Recording and releasing 12 tracks over a year — one each month — might seem like a sure-fire way to hit that creative wall, but house DJ/producer Jesse Rose, known for massive bumpy-grooved cuts like 'You're All Over My Head' and 'Sleepless (Night One)', and labels like Front Room Recordings and Made To Play, managed to do just that. DJ Mag spoke to Jesse about the pressure of releasing to such a tight deadline and how he kept the creative juices flowing…
How did you come up with the '12x12' concept?
“I always come up with ideas that in my head seem much easier than they actually are. It seemed like something that was manageable, but then it took over my life. You know, when you put out one record and it does really well, you want your next release to match it, which resulted in me being in the studio every day that I wasn’t on tour. It definitely pushed me to work harder and better.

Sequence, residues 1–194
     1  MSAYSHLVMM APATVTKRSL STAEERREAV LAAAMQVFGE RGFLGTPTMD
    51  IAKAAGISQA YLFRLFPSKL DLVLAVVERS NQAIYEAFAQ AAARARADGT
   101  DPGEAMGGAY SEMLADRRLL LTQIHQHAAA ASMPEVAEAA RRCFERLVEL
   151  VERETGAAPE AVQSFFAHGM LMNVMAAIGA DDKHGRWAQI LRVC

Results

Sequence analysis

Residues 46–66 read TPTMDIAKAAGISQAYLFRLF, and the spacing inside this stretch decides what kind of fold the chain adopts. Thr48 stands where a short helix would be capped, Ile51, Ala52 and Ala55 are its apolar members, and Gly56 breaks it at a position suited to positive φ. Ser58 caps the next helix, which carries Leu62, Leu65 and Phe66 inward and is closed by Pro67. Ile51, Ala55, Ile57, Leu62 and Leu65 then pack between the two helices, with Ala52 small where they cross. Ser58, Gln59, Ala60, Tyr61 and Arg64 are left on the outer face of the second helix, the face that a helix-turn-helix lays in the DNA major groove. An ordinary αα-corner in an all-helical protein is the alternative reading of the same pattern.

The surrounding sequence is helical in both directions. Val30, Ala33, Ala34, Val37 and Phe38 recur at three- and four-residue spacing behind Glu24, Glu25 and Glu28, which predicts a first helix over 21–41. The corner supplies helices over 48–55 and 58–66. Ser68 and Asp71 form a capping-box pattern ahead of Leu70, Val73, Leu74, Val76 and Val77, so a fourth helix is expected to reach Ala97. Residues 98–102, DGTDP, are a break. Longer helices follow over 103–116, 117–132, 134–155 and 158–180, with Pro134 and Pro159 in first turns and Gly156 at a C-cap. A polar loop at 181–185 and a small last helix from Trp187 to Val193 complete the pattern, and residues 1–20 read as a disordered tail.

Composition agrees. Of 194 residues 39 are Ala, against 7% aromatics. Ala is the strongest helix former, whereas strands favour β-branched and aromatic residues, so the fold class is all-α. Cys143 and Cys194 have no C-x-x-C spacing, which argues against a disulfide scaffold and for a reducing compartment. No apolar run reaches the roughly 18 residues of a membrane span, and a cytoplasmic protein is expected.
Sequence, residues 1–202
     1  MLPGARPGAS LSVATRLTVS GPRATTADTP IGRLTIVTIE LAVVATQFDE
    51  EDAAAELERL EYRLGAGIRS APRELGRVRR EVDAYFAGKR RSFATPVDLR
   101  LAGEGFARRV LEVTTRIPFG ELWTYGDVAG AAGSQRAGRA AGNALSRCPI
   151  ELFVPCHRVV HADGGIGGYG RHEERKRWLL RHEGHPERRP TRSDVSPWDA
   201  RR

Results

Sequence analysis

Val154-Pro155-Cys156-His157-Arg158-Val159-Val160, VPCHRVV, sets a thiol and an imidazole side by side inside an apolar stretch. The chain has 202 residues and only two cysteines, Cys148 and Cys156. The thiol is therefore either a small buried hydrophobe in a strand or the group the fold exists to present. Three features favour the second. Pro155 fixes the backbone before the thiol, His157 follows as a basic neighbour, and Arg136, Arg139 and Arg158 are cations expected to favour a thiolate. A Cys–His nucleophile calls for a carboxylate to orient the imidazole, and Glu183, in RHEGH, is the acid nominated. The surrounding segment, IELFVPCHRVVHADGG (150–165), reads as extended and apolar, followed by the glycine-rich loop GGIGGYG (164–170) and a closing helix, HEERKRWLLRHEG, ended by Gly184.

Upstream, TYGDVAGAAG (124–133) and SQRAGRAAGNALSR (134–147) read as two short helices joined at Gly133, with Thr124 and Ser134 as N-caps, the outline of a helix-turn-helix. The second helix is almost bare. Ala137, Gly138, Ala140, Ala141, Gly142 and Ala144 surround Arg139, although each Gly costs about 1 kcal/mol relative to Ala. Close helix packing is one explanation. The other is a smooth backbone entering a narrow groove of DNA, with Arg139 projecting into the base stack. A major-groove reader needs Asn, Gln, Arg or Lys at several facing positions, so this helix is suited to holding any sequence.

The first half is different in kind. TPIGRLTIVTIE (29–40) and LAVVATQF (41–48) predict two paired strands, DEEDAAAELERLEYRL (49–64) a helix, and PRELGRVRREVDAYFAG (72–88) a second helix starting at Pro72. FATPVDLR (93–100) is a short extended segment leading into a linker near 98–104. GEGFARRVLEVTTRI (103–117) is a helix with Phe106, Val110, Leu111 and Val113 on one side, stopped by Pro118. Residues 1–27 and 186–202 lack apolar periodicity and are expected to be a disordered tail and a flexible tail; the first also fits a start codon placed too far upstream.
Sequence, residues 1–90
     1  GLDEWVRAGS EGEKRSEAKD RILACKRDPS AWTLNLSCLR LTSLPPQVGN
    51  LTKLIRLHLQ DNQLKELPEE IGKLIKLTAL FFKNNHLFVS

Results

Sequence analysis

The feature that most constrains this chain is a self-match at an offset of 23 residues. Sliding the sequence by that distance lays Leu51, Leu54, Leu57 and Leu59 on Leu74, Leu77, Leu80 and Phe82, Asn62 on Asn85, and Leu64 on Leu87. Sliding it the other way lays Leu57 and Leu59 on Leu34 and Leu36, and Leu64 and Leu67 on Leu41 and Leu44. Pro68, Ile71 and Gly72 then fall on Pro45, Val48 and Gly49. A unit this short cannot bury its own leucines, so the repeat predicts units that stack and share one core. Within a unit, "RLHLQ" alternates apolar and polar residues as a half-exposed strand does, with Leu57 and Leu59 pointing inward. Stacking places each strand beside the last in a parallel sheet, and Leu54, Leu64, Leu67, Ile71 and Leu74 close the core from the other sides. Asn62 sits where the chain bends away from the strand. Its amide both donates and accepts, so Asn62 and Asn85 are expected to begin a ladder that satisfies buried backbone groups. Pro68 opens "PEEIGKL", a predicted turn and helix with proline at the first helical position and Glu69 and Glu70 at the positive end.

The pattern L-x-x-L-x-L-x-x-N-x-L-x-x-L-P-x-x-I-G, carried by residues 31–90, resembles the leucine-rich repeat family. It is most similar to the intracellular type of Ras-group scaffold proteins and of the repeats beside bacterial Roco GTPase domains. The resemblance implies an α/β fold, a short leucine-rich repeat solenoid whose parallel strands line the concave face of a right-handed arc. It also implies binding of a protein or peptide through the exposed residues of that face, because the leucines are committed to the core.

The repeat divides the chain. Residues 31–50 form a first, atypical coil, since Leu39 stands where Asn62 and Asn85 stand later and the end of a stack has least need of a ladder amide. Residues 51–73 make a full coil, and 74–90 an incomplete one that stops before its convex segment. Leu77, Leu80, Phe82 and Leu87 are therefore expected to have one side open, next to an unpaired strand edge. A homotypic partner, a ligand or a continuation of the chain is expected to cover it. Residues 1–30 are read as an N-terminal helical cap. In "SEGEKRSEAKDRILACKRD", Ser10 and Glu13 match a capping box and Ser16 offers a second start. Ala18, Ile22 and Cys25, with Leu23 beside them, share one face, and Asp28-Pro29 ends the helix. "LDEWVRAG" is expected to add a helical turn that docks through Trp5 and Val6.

“When I came up with the idea for '12x12' in October of 2012, I had already collated a few tracks and thought that I wouldn’t have the pressure to submit something every month. We got everything done in time and the releases were never late but I definitely felt the pressure of getting everything done! Most of the time labels push release dates because something or other is delayed, but that really wasn't an option here, so as much as the pressure was on, it felt great to have something ready to go every month that was not a filler.”
How did you manage to keep the creativity flowing?
“I think it just comes down to the fact that I love what I do. The day it feels like a job I guess I’ll stop doing it. I’m inspired by so many things around me, from so many different types of music and the fact I don’t have to write in the same style every time. If I want to go deep I’ll go deep, if I want to write a banger for the club I’ll do that. From very early on I decided I never wanted to be stuck in one place, although 99% is house or techno, that is a massive playground for me to go to many different places.”
You are currently living in LA. Did the move from Berlin to LA help you to fine-tune your sound?